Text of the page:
LONDON -- Before the start of taping of the Mark Thomas television show, something of the New Britain is already in evidence here at the Bedford Arms in Balham, South London. A decade ago, this pub sat in the middle of a red light district. The chains on the doors of the large back room were sometimes removed to make way for local Labour Party meetings. Those were days of despair -- with Thatcher in ascendancy, representatives of the prostitutes' union coming to lecture, and infighting over who was more socialist than whom.
Nowadays, Balham's fortunes have risen, and so has the tenor of the Bedford Arms. The wood and plaster are fresh. The customers are young, and, behind their clouds of cigarette smoke, are utterly accustomed to their place in a new nation. For them, the Labour Party is solidly on top, the economy is chugging ahead, and even the Cool Britannia label of a year ago has been shed as insufficient. As for that notable back room, it's also been refurbished -- as a comedy club. On this rainy night, it has been fitted out by Channel Four as a television studio to play host to the last episode of a series by one of the country's most talented political comics.
Mark Thomas is the UK's equivalent of Michael Moore. Young, cheeky, and with a reassuringly English beer belly, he's the quintessential comedian as social critic. He has the garrulous wit of a pub-room organizer and the friendly philanthropic aura of the lad who helps you pull your car out of a ditch. Thomas certainly hasn't forgotten the working man or the promise of an activist government. Those old, unglamorous Labour meetings are the just well on which he wants to draw. But under this government, and in this tony setting, the connection starts to look strained.
One way to know a regime is by its satirists. And Thomas seems like as good a symbol as any of Labour learning to criticize itself. In T-shirt and jeans, perspiring under the lights, he starts his routine for the young audience (and the Channel Four cameras) with a long account of his recent exploits and successes. He solicited a Christmas card from David Shayler, the exiled intelligence agent-turned-whistleblower who was much in the news last year, just to irritate high government censors. He describes his trip to see them. Laughter, applause.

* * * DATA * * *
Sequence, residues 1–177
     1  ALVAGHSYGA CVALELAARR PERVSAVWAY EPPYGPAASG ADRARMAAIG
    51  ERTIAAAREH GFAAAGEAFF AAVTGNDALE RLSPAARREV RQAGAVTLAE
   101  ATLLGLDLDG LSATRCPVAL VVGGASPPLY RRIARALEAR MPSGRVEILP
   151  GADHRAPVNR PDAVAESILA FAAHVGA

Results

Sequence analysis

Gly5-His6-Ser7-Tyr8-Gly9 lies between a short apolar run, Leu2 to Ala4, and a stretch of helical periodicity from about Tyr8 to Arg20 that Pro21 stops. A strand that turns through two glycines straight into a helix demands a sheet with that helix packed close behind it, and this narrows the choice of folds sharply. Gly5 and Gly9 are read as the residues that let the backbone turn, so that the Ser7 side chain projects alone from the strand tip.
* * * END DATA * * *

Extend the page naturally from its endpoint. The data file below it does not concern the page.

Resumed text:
He reports teasing a major Burmese official for the repression of democracy in Burma, not all that subtly. A week later, the same VIP was parroting the comedian's words of criticism ("Democracy is like a plant that must be pruned") as self-congratulation, on the BBC.
Thomas has plenty of one-liners and the right list of targets. But when he switches from highlighting various kinds of idiocy and betrayal to poking fun at the direction of Labour, things become confused. Thomas denounces Robin Cook, the Foreign Secretary, and Jack Straw, the Home Secretary, as a matter of habit. He then turns, for most of the rest of the show, to the Millennium Dome.
The Dome was Britain's huge Y2K hope, intended as a rerun of the Great Exhibition of 1851. It's proving, perhaps, to be more like the not-so-great exhibition of 1951. It's a giant white tent in North Greenwich, constructed to accommodate several tens of thousands of spectators as they tour smaller "zones" about the human body, the environment, transport, religion, and the British past and future. From quite early on in its construction, it was imagined as a kind of summation of the shape of the New Britain -- and, perhaps inevitably, of the effects of New Labour. To Thomas and others, it has therefore become a summation of the ways in which the government is going wrong.
Why is so much at the Dome sponsored by the biggest of businesses if it's supposed to reflect the details of everyone's lives? Rolling the film of a set of pranks he orchestrated earlier in the week, Thomas makes clear where the planners went wrong. He rejects the pavilion full of talking appliances that ask you about your household to record a "time-capsule" of British habits -- as if appliances were what mattered. He dresses up a team of "generals" to tour the display set up by a UK arms manufacturer and praise the killing power of their weapons. He takes union organizers into the Dome's McDonald's restaurants to find out how the employees are treated.